The PointPosition attribute is a 3D vector that is available to get and set on any geometric object.
When you get an object's PointPosition values, they are expressed in terms of that object's local reference frame, not in terms of the object on which the ICE tree exists (the "self" object). The same is true of PointVelocity, PointNormal, and similar attributes.
On the other hand, if you get data such as PointPosition from a location, it is expressed in terms of the "self" object's local reference frame. This makes it easy, for example, to set points' Force or PointVelocity vectors based on the GoalLocation's positions.
You can convert between two different local reference frames by converting from the first frame to the global frame, and then from the global frame to the second frame. See Using Geometry Queries.
You can get either the local or the global kinematic properties of objects. The data type depends on which part of the kinematic property is referenced, as shown below.
Object Velocity and Acceleration
If you get an object's velocity or acceleration values, the ICE tree calculates these values automatically. It does not read the values from the Global Transform property, and you do not need to compute velocity and acceleration in the Global Transform property editor.
Rotations can be represented by different data types. The data type that is called "rotation" consists of an axis of rotation, and an angle around that axis.
If you need to access the axis and angle as separate attributes, you can use the Rotation to Axis and Angle and Axis and Angle to Rotation nodes, or the Rotation to Scalar and Scalar to Rotation nodes.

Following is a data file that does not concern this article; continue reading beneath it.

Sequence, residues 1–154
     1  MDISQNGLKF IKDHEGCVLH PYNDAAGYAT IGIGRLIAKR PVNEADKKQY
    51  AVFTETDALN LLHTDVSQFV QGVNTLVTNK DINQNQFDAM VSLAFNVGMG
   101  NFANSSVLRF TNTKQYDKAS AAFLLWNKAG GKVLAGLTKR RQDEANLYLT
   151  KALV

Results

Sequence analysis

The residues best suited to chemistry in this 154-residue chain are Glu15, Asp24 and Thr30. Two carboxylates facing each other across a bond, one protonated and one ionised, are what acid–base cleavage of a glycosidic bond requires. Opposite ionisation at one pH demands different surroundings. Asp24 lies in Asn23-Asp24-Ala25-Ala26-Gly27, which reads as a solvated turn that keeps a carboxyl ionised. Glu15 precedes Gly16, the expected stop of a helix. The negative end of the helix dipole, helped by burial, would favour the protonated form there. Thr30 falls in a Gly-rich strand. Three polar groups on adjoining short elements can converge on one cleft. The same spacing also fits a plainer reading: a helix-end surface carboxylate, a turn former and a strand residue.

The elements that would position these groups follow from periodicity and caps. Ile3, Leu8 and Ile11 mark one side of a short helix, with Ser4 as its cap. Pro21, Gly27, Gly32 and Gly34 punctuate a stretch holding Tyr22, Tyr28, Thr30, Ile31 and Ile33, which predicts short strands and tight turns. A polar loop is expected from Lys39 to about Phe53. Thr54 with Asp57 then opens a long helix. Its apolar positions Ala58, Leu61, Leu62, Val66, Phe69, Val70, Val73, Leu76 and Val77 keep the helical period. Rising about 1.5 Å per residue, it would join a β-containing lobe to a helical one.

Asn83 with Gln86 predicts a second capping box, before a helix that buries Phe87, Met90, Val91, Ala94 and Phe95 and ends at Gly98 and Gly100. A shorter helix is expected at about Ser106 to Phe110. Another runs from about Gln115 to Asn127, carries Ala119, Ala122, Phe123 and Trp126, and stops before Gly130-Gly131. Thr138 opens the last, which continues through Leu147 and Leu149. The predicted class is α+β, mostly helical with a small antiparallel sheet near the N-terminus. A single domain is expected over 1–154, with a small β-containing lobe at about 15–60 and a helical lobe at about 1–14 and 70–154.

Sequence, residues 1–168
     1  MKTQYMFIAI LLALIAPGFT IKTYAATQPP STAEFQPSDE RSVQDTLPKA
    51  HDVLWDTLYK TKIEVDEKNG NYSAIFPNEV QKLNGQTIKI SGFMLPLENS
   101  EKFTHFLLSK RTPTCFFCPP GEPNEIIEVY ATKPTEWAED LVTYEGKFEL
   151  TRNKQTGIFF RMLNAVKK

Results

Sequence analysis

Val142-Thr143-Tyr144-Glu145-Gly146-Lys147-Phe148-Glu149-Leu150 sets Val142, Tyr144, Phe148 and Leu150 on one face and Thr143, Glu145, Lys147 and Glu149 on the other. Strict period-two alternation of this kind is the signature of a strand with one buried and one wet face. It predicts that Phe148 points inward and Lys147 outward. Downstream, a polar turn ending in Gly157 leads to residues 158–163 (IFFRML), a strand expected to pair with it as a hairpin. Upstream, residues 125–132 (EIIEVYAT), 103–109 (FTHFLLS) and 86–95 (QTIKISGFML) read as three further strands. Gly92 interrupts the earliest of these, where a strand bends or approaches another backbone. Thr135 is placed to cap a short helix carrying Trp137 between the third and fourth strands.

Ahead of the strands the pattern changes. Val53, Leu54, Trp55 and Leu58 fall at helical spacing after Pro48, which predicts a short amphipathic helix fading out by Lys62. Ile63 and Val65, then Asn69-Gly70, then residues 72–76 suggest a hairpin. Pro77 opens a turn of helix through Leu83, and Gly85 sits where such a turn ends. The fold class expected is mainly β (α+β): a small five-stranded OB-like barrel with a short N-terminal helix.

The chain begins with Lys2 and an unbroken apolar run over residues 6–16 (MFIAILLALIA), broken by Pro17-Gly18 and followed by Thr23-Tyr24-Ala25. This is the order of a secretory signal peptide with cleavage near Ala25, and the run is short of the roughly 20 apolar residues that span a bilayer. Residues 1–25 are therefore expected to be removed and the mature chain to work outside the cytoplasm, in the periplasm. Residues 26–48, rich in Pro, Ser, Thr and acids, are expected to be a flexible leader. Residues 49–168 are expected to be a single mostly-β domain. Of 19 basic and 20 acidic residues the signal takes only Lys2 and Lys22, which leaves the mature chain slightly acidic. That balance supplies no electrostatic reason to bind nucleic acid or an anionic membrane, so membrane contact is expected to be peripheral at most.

There are other possible ways to represent a rotation:
You can convert between these representations using the nodes in the Conversion category. In addition, the Rotation category collects various nodes that are useful for rotations, including nodes that are also found in the Conversion, Constant, and Math categories.
You can calculate the result of composing two rotations (performing one rotation after the other) in several ways:
Note that multiplying two 3D vectors representing the Euler angles does not give the correct result (and actually has no geometric meaning). See Comparing Values.
Composing and Decomposing Transforms
You can use the SRT to Matrix node to compose separate position, rotation, and scale values into a 4x4 matrix representation of a transformation. Similarly, you can use the Matrix to SRT node to decompose a 4x4 matrix into position, rotation, and scale.
Both the SRT to Matrix and the Matrix to SRT nodes also work with 3x3 matrices. In this case, the matrix is assumed to represent rotation and scaling. You might need to pipe the output of the SRT to Matrix node through a 3x3 Matrix or 4x4 Matrix node (from the Constant category) to force the data type to be one or the other, if the data type is not automatically resolved by the rest of the ICE tree.
The Rotation output port of the Matrix to SRT node is polymorphic. It can return a rotation (axis and angle), a quaternion, a 3D vector containing the XYZ Euler angles, or a 3x3 matrix, depending on which nodes you connect it to. If necessary, you can plug it into a node from the Constant category to force a particular data type.
Converting Between Local and Global Reference Frames
You can convert between local and global positions. When you multiply a 3D vector by a 4x4 matrix, ICE assumes that the 3D vector represents a position in homogeneous coordinates and that the matrix represents a transform, and performs the calculation using special rules.
To convert local position to global, multiply the position by the global transform. 

To convert global position to local, multiply the position by the inverse of the global transform. 
To convert between two different local reference frames, convert from the first reference frame to global coordinates and then from global coordinates to the second reference frame.
If you want to convert a 3D vector as a vector like PointVelocity rather than as a position like PointPosition, you should "zero out" the translation component of the transformation.
Remember also that you need to use a Switch Context node to combine positions or other 3D vectors from different contexts.